In debt standoff, some in GOP ask: Can't we DO something? 

At this point in the White House-congressional debt-limit talks, it's safe to say that few, if any, Republicans believe President Obama will ever negotiate in good faith.  They don't believe he will approve large and specific cuts in spending, as he has hinted throughout the talks.  And they do believe he will continue to turn the negotiations into an early contest of the 2012 campaign, threatening to shut down Social Security and blame it on Republicans.  Meanwhile, the August 2 debt-ceiling deadline fast approaches.

What to do?  For a growing number of Republicans on Capitol Hill, especially the GOP members who control the House, the answer is: Something.  Now.  With all the world's -- and the media's -- attention focused on useless talks at the White House, some Republicans are planning to take things into their own hands.

"There are a lot of options in play, and yes, the leaders have been looking at all those options," says one well-connected House GOP source.  "Certainly some sort of short-term extension is a possibility of last resort, probably much more likely than the McConnell option, which has no support in the House.  As for the [House] rank-and-file, yes there are a lot of ideas, many of which couldn't pass.  Next week, we'll vote on the Balanced Budget Amendment, and I'd expect more after that if we don't see any progress in the White House talks."

Some of the options are variations on this scenario: The House passes a short-term bill which makes X billion dollars in cuts and increases the debt limit by precisely the same amount.  Then Mitch McConnell, the Senate Minority Leader, uses his parliamentary powers to force a vote on the bill, even if he has to attach it to something else.  Republicans vote for it.  In that way, House Republicans would have passed, and Senate Republicans would have voted for, a measure that both cuts spending and averts a government default.  (Many GOP leaders use the word 'default,' although what would result if there is no agreement is closer to a partial government shutdown.)  In any event, Republicans would have proposed and passed their own measure to increase the debt limit and avoid possible catastrophe.  Obama and his Democratic allies in the Senate could stop it, or the president himself could veto it if it somehow made its way through the Senate.  In any event, Obama would be the one stopping an actual measure to increase the debt ceiling.

Of course, there's been much talk to the effect that a large majority of GOP freshmen would never vote for such a bill.  "It's uncertain that a bill trading spending cuts for debt-ceiling increase at a 1-to-1 ration may pass the House; 36 members have signed the Balance Budget Act pledge, so they'd have a tough time supporting anything without this," says another GOP aide.  "Others simply will not support a debt ceiling increase -- no matter what's in it.  In addition, there seems to be a fear that if the House passes a bill which has a 100 percent chance of failing in the Senate, it will send a negative signal to the markets that we're not going to actually raise the debt ceiling or put a serious cut in spending.  McConnell can't pass a 1-to-1 spending cut/debt limit increase on the Senate side."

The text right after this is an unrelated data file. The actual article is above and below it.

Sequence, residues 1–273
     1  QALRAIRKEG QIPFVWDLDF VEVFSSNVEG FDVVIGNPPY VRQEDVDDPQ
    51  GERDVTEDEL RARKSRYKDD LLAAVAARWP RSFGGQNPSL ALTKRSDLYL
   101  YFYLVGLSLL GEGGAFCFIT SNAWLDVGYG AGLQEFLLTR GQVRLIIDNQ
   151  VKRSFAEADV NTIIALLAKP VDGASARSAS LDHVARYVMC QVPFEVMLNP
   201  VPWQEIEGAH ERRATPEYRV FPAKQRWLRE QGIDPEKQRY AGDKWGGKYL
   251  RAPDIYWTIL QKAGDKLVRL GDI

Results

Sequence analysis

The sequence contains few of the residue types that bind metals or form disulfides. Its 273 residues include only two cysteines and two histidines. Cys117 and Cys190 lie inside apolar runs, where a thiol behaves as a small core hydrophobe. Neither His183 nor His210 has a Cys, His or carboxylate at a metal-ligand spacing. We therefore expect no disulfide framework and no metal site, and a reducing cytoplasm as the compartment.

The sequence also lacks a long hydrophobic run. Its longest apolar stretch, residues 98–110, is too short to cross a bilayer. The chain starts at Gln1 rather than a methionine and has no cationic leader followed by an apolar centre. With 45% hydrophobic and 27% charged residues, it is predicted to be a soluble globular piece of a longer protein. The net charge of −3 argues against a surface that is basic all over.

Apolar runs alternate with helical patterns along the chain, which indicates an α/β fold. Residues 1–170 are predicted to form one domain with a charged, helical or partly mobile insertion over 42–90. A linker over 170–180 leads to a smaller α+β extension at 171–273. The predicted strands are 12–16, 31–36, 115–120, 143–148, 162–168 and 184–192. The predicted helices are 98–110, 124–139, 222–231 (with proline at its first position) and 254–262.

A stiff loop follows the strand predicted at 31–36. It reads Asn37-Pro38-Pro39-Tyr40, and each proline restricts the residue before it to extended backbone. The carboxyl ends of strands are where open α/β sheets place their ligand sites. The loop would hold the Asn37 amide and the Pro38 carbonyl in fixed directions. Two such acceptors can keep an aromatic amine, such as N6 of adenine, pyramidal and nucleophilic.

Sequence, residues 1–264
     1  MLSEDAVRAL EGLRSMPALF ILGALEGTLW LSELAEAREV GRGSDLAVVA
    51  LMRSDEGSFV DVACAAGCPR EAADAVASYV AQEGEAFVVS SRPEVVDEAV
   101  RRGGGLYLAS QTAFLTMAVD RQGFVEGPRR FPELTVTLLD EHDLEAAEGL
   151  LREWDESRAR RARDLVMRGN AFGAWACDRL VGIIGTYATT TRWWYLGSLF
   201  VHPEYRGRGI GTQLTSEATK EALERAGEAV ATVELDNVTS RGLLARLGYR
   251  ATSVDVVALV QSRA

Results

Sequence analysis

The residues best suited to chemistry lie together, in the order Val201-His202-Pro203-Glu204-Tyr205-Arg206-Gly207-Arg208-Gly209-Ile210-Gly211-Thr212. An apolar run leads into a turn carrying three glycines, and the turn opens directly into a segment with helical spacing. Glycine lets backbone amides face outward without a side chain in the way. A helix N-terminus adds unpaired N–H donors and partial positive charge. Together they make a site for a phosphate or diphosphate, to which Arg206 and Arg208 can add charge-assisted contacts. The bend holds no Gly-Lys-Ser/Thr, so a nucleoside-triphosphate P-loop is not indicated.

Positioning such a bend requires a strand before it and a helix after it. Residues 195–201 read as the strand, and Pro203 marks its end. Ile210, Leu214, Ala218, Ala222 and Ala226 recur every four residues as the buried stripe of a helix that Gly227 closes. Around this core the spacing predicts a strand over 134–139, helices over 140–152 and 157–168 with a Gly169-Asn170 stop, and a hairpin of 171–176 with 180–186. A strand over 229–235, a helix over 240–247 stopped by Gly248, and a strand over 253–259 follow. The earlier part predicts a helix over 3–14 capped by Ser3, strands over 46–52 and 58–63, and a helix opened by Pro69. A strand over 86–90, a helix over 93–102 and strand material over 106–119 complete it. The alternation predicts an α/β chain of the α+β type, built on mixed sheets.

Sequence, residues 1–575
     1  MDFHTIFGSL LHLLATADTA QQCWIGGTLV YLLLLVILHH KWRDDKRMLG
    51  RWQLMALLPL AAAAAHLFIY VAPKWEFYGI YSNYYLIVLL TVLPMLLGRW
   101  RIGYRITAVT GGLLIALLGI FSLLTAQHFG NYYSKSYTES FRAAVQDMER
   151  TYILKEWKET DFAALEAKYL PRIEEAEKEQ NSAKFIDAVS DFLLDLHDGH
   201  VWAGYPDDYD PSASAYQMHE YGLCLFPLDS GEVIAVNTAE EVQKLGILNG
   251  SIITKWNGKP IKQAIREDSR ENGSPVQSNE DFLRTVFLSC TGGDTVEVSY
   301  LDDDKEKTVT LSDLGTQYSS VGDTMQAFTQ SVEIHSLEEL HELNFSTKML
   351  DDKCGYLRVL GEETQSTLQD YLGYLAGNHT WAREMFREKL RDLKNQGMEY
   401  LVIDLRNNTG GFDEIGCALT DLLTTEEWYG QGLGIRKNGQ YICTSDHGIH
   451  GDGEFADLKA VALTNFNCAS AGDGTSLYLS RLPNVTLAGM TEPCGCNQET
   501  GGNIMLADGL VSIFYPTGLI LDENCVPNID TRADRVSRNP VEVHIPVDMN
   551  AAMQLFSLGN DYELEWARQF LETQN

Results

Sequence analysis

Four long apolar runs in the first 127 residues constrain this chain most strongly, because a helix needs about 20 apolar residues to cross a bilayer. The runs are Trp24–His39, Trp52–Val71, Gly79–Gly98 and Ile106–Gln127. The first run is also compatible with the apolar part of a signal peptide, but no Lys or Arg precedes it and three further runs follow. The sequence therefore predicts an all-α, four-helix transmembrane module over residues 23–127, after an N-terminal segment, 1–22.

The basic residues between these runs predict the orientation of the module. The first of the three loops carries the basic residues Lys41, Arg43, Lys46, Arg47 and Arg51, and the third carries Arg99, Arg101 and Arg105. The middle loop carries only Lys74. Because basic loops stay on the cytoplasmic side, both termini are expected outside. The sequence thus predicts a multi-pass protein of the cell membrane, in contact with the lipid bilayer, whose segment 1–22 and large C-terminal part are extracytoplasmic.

"That might be tough," agrees a Senate aide.

But the talks going on at the White House seem guaranteed to fail.  Why not put to the test some of these suppositions about who will or will not vote for this bill or that bill?  That's precisely what some Republicans are planning to do.  "The GOP needs to add to these 'negotiations' with additional legislation," says yet another House aide, "and I would hope to see further legislative efforts on the House side in the coming days."

Proponents of the "cut, cap and balance" approach to the problem in the Senate will be announcing a similar approach in the House.  The plan -- cutting spending in 2012, placing a statutory cap on future spending, and passing a balanced budget amendment to the Constitution -- has a lot of support in the Senate.  But does it have to pass Congress in its current form?  Will a majority of members, faced with votes on other proposals, stand firm on the idea that they will never vote for a way out of the current standoff that does not involve amending the Constitution?  Some Republicans believe it's time to put those suppositions to a real-world test. A cut-and-cap bill, or perhaps just a cut bill, accompanied by a deficit-neutral increase in the debt limit, would deeply disappoint some "cut, cap and balance" supporters -- but they might, in the end, vote for it.

The point is, an increasing number of Republicans are saying this: White House talks are going nowhere, and with President Obama in charge, they're never going to go anywhere.  Republicans control the House of Representatives.  They have 47 votes in the Senate. They can do something.  Maybe a number of measures will fail before one passes, but it is time for Republicans to act on their own.  Then President Obama can react.  Maybe he'll block it, but he'll be under conflicting pressures himself.  With August 2 approaching, the time to take action is now.

About The Author

Byron York


Byron York is the Examiner’s chief political correspondent. His column appears Tuesdays and Fridays. He blogs throughout the week at Beltway Confidential.

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